Justice, Peace, Integrity<br /> of Creation
Justice, Peace, Integrity<br /> of Creation
Justice, Peace, Integrity<br /> of Creation
Justice, Peace, Integrity<br /> of Creation
Justice, Peace, Integrity<br /> of Creation

Christmas. The meaning of life

New York 25.12.2019 Gian Paolo Pezzi, mccj Translated by: Jpic-jp.org

Christmas and New Year approach and we exchange greeting. The exchange of greetings brings in thoughts, serious and banal, spiritual and human,  high level or down to earth. A curious coincidence made me think of life with a hint of humor. In the USA they call it Golden birthday, when, if I understood correctly, the number of years completed is the same as the date of birth.

I was brought back to the end of my first year in Africa. While speaking French, I had being teaching Latin and Greek at the Kanyosha Seminary, near Bujumbura, Burundi. At that time, I had become friends with a group of volunteers who invited me to take a trip to Tanzania. It was even planned to climb Kilimanjaro, an extinct volcano of 6,000 meters. More than sympathy, it seemed to me, the invitation was coming because I was driving  our mission car. However, since then we have always been friends and some of them today collaborate in my commitment on the issues of Justice and Peace. The fact is that we arrived in Tanzania on a day of celebration. To our question of curious tourists, someone answered, “It is the Saba Saba.” Inquiring among the people, there was neither Google nor mobile phones yet, we discovered that it was National Industry Day, celebrated on July 7 and that Saba Saba rightly means seven of seven.

Well, I smiled, celebrating this year my 77th anniversary on December 7th. USA Golden Birthday and Saba Saba Saba Swahili.

Memories are like cherries, one invites another, or like the sheep, that one counts in the nights of insomnia and eventually come in like a flock. Thus, from the bottom of my memory, one of my most beautiful memories of mission and perhaps the most significant of my life as a priest blossomed up. I shared it in preaching and in personal encounters, but never in this annual Christmas letter. Perhaps because at that time the  internet did not exist: actually, we have to go back to the time of my first mission in Burundi, just after the 1972 civil war, when communications were rather precarious.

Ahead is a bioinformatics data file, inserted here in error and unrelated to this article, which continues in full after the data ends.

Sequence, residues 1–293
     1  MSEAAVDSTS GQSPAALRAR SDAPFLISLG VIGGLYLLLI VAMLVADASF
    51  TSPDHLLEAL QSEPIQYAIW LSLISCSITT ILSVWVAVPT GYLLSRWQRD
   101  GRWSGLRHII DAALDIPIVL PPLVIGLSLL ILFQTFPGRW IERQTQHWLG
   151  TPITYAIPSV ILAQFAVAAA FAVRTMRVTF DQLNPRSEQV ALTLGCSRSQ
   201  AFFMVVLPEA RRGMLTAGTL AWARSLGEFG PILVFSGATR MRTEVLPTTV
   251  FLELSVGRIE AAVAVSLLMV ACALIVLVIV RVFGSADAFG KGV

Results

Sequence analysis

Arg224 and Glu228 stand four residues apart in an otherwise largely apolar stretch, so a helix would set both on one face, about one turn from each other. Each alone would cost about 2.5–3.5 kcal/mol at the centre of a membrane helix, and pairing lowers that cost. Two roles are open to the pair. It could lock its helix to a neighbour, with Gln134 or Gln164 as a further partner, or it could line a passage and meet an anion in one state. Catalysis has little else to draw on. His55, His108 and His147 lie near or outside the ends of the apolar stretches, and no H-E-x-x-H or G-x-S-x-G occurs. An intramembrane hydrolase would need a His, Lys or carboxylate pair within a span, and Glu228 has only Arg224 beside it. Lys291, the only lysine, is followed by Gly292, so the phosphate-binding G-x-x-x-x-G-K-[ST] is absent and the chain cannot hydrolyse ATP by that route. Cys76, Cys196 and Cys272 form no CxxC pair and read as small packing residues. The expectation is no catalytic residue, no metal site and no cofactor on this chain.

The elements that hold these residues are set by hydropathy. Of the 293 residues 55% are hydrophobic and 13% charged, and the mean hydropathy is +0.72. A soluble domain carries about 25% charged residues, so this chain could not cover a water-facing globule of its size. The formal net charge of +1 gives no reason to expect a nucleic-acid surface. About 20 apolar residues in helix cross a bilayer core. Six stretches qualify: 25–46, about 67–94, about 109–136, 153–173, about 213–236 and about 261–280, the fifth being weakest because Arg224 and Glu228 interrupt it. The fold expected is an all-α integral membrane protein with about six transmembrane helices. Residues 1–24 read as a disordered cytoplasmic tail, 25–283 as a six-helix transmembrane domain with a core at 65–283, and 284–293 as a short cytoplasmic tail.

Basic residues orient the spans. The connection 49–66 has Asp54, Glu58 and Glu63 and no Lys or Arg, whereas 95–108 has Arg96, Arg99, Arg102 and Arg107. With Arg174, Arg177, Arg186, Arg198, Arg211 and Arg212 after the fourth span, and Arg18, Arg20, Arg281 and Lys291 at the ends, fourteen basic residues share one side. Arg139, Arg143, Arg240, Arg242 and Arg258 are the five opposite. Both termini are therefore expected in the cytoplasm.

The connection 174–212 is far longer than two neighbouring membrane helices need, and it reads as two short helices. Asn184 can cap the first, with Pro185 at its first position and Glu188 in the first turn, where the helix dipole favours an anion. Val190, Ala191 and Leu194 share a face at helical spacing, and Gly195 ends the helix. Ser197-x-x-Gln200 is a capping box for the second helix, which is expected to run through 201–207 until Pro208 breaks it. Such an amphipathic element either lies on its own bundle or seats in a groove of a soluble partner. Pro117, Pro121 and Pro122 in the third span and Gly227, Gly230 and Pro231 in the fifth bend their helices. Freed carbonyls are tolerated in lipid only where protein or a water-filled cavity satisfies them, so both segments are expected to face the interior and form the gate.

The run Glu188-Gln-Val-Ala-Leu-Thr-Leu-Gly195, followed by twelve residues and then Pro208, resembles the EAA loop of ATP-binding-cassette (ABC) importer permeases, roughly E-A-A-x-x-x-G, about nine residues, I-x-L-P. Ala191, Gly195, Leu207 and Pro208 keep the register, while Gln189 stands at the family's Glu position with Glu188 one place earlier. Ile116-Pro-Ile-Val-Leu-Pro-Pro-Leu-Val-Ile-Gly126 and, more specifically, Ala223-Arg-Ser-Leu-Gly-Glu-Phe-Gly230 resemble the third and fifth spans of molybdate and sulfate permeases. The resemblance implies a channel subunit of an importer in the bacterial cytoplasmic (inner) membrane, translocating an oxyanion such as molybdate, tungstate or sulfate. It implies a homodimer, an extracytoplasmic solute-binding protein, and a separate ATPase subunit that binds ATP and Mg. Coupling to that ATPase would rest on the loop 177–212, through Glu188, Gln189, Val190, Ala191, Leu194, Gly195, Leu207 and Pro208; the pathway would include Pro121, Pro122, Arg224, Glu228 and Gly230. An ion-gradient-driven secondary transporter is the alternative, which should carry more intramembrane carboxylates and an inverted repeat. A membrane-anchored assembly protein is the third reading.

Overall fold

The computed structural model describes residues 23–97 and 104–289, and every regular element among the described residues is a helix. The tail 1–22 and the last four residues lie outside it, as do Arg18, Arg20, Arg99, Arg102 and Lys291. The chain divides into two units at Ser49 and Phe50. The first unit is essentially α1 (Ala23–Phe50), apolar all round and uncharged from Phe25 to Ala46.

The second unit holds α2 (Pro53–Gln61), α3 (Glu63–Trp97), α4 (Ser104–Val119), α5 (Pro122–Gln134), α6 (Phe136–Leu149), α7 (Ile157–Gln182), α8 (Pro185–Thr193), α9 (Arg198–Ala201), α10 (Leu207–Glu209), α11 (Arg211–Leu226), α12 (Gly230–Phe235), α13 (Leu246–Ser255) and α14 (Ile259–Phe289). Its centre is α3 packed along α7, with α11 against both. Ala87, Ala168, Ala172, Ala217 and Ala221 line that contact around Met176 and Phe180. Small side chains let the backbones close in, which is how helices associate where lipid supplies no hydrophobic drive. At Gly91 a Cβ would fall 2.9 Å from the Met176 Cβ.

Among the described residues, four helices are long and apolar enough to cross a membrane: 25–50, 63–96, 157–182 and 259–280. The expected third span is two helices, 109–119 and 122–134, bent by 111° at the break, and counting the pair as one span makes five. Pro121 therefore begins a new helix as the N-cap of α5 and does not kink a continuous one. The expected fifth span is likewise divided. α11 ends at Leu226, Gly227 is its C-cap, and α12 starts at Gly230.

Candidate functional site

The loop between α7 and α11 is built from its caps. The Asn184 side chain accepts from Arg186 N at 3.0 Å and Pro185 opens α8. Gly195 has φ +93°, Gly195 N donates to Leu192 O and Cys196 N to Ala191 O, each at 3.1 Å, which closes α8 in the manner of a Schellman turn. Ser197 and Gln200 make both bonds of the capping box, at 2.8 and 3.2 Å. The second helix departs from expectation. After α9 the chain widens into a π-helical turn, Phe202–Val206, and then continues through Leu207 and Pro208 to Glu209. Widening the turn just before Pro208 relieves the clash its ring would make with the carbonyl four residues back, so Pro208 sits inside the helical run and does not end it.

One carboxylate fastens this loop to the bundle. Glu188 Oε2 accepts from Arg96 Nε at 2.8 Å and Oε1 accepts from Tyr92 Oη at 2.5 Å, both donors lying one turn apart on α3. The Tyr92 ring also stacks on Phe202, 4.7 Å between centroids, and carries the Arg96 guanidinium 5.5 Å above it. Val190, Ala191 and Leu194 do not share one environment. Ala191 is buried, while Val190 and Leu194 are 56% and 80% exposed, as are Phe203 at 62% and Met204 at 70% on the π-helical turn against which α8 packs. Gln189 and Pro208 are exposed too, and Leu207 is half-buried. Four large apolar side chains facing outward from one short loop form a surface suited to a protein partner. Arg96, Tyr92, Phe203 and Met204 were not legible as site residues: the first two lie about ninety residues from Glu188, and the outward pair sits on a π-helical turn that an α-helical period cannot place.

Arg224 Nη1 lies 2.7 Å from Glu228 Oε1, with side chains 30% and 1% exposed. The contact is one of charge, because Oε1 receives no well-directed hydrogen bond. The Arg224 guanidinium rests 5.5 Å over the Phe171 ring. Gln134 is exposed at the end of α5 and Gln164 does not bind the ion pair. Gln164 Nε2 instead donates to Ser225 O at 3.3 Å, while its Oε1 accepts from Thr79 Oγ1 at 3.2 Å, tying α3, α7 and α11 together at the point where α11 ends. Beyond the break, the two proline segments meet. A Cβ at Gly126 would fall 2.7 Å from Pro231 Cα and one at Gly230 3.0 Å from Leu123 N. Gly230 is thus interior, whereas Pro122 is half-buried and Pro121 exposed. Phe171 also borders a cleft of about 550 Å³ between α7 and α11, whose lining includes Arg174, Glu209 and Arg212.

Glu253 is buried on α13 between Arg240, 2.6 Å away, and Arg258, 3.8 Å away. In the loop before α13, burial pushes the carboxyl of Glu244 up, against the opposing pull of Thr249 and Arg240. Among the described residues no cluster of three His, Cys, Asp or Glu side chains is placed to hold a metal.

It was in Gitumba – literally the great hill-, a small community of Cibitoke, my mission up in the hills, 20 miles from the parish by car and three hours on foot. In the afternoon, after all day in the chapel, we went out as usual to visit the sick.

That day, it was raining. I was already tired and I felt sick. We went out in the rain, up and down the hills for more than two hours. Almost three times I stopped, wanting to give up. I didn't though, because the catechists who were with me kept repeating “She is waiting for us.”

At last, when the sun was setting, our path came out into a small valley. “Here we are,” they told me pointing to a small hut made of mud and straw lying beside a dark river. As I entered, I felt ill. I had met a lot of poor people in my life, but never such misery. The only thing there was a young girl on a rush mat lying on the muddy ground.

She told me her very simple and miserable story. She was 20 years old and her name was Lucy. She came with her old parents from another part of the country looking for a piece of land to till, carrying on their heads all that they had. They began to build the hut when she got sick. For the last three months, she had stayed in that mud hut, lying on the ground.

I felt very uneasy and I asked what I could do for her. Did she need some medicine, some money, or some food?

I was waiting for you, father, she said. Listen to my confession and give me  Holy Communion.

I knelt on the mud and she made her confession. I don’t remember even whether she needed to confess, but what happened next will be carved in my memory forever.

I gathered the parents, the catechists, some neighbors and we began the short liturgy provided for these cases. I was in a terrible mood; I was asking to myself how God could allow such a situation. We began to say the Our Father. Suddenly I stopped:  how could a young girl in such misery pray thy will be done? Everyone present was following me in the prayer; they also stopped. Then some special thing happened.

Lucy went on alone in a clear voice: Thy will be done on earth… Fascinated we follow her as it is in heaven. I looked at her: a peaceful smile was enlightening her face. I couldn't help but smile with her and all the people there did the same. That miserable hut became for me as a Bethlehem grotto. I felt God was there, God was becoming flesh in that humble girl.

When we started our way back, all seemed beautiful: the rain was past, the last clouds were slipping away, and a full moon was shining.

Two days after, back to the Parish, I collected some money, clothes, medicine and food and sent a young man to Lucy. He came back several hours after with the packet. What’s the matter?  I asked.

Lucy died that same night you visited her, was the answer.

 In my journal, I wrote a comment. Why did I become a missionary? At first, I may not really knew it . Life, people like Lucie, experiences like the one of Gitumba, have told me who and what made me a priest and a missionary.

May all of us, for Christmas 2019 and the year 2020 receive a life experience that gives us or gives us back the joy of hope. 

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